Friday, December 21, 2012

Frozen Trio - Mt. Sherman, Gemini and Dyer Mountain


Dyer Mountain (13er)
Gemini Peak (13er)
Mt. Sherman (14er)


Brad (Mountain Ninja)
James (enjoi 14ers)

We set out on a cold December morning from the Iowa Gulch trailhead.  Our goal was Dyer Mountain, which none of us had climbed yet, and maybe a couple extras if we had the energy.  Reading the route description, we decided this would be a relatively avalanche safe route for winter with straightforward route finding.

Iowa Gulch Trailhead

At first the trail follows an old jeep road up to some abandoned mining ruins.

Brad, James and Jared hiking up the slopes

James looks like a mountaineer right?

Toward the summit, the wind piked up and grew more intense.  It did not relent for the rest of our day.

Brad and James nearing the summt.  The Sawatch Range in the distance.

After a long slow slog uphill, we reached the summit and had some food.  James had had enough at this point.  Brad and Jared and I continued on to unranked Gemini Peak and over to 14er Mt. Sherman.  This would be my 4th time summiting Sherman.  It's a great one to take beginners on in the summer months (Summer is the key word here).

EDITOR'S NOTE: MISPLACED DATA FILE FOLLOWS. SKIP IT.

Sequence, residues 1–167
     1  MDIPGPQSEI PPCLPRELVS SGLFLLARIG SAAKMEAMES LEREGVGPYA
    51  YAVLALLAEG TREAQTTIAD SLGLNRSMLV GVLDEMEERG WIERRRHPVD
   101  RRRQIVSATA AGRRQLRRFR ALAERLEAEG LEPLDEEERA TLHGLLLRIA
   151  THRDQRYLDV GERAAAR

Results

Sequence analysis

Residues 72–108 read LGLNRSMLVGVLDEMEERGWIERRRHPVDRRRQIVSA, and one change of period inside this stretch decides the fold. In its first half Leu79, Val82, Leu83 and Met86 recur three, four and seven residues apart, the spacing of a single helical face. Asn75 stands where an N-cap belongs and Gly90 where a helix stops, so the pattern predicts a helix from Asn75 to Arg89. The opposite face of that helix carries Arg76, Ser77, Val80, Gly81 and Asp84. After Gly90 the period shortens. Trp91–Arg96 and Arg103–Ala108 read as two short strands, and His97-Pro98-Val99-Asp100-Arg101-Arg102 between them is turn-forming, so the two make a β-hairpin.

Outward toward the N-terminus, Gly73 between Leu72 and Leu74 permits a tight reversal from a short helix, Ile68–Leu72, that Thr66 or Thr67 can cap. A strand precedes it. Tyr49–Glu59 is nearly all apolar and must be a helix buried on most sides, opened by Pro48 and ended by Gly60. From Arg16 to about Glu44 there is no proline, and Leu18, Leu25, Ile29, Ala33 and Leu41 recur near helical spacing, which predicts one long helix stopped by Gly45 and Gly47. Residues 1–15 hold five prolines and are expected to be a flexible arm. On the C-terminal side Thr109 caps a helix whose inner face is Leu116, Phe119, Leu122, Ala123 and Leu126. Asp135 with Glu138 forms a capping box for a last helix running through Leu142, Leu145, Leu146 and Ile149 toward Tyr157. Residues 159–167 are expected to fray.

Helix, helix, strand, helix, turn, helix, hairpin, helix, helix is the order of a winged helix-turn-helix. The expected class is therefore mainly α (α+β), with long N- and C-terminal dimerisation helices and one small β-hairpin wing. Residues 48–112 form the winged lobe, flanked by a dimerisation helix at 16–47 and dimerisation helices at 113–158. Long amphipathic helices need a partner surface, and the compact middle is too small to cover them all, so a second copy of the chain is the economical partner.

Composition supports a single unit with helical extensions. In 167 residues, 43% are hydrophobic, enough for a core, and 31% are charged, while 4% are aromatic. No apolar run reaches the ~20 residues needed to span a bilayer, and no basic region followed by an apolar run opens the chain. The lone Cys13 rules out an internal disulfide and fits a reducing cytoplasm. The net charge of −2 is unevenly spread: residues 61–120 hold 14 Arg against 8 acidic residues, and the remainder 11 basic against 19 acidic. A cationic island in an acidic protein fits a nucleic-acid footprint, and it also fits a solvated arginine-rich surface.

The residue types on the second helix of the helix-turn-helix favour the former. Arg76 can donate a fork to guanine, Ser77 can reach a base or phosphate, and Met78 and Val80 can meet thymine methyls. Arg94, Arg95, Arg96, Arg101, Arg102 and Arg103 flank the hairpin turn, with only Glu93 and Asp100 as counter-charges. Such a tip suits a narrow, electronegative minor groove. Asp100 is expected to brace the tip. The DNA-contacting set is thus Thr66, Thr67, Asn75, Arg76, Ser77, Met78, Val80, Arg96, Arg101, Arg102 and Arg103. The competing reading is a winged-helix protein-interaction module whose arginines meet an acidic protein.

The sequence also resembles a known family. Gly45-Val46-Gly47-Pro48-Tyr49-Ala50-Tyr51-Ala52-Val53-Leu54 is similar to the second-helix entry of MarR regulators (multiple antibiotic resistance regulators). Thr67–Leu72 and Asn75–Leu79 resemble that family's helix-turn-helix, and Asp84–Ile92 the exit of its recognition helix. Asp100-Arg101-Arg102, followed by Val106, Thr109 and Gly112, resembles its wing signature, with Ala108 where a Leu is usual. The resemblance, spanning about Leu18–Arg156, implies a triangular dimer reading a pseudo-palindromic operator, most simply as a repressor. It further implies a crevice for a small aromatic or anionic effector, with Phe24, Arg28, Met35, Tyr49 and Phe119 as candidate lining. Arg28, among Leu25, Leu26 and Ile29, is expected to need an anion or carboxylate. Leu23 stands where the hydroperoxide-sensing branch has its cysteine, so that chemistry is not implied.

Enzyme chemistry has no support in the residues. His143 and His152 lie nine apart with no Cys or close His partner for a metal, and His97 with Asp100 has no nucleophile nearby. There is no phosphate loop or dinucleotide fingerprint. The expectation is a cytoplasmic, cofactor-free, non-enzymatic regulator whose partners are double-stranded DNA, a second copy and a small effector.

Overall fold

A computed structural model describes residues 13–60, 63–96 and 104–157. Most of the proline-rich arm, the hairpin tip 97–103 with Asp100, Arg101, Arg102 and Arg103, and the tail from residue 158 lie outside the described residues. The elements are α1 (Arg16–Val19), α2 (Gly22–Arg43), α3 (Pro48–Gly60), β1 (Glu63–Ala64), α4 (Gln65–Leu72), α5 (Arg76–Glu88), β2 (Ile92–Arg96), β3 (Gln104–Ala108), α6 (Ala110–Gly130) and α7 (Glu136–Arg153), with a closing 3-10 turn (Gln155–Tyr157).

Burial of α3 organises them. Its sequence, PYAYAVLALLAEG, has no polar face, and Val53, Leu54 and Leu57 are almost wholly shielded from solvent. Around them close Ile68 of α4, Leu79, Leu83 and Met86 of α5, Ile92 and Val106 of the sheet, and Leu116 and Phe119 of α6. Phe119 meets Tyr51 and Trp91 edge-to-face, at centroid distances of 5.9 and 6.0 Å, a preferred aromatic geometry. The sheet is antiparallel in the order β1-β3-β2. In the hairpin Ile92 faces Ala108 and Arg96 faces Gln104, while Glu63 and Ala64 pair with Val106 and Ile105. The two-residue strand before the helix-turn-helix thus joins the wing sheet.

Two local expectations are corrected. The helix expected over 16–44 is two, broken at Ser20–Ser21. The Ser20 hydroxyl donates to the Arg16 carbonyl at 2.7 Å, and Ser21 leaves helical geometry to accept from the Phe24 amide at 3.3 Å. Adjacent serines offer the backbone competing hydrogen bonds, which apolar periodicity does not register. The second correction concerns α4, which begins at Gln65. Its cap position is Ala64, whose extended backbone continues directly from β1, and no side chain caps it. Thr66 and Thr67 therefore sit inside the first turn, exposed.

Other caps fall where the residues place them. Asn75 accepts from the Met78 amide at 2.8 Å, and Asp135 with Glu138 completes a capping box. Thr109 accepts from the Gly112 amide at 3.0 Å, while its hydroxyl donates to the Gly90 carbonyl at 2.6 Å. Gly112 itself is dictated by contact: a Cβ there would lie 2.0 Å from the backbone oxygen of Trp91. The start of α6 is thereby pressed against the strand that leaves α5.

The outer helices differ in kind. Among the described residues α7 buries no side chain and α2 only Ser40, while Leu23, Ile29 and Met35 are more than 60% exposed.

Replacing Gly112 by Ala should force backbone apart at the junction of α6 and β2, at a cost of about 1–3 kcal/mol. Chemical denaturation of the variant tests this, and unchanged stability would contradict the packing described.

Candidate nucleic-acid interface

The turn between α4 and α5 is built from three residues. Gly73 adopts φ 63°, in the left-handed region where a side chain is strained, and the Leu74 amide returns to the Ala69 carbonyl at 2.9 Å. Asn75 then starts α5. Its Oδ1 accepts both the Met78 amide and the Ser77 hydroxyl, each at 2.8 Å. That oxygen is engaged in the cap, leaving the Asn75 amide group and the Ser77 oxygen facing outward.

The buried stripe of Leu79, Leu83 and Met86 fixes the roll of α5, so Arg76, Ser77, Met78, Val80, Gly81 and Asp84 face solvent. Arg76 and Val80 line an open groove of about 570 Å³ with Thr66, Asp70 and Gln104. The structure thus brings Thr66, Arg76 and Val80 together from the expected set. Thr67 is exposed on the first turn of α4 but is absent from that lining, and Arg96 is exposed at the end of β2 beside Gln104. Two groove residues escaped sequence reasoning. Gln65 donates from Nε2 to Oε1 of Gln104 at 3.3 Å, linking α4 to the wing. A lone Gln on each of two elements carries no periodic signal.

We fought against the brutal winds across the saddle toward Gemini peak.

Gemini (the bump on the left) and the saddle

Now Jared was training for bike races during this time.  He had recently won a bike race to the top of 14er Mt. Evans, which is pretty hard core in my book.  He was not racing us, but he started gaining on Brad and I.  I secretly decided that I would like to test my endurance ability and see if I could catch him.  I hiked as fast as my heart would let me.  Nope...   He beat me up there and didn't even know we were racing.  It seems every time my competitive nature kicks in I swallow a large quantity of humility.

Looking back at Dyer Mountain

Jared must have reached the top a good 15 minutes before Brad and I.  I recorded a video of Brad nearing the summit of Gemini to give an idea of how strong the wind was.  It was difficult to keep our balance.  If the wind was any stronger, we might have become human kites:

With as cold as we were, we did not linger on the summit.  We made the short scamper over to Sherman and whipped out our Whichwich bags to take a picture for a free sandwich.

Whichwich summit photo

It was a long cold day.  Needless to say, we were pooped when we got back to the truck at sunset.  Every time we do this I think to myself, "Why did I do that?"  But, every time the mountains just keep us coming back.

Parting shot of the Sawatch Range on the descent.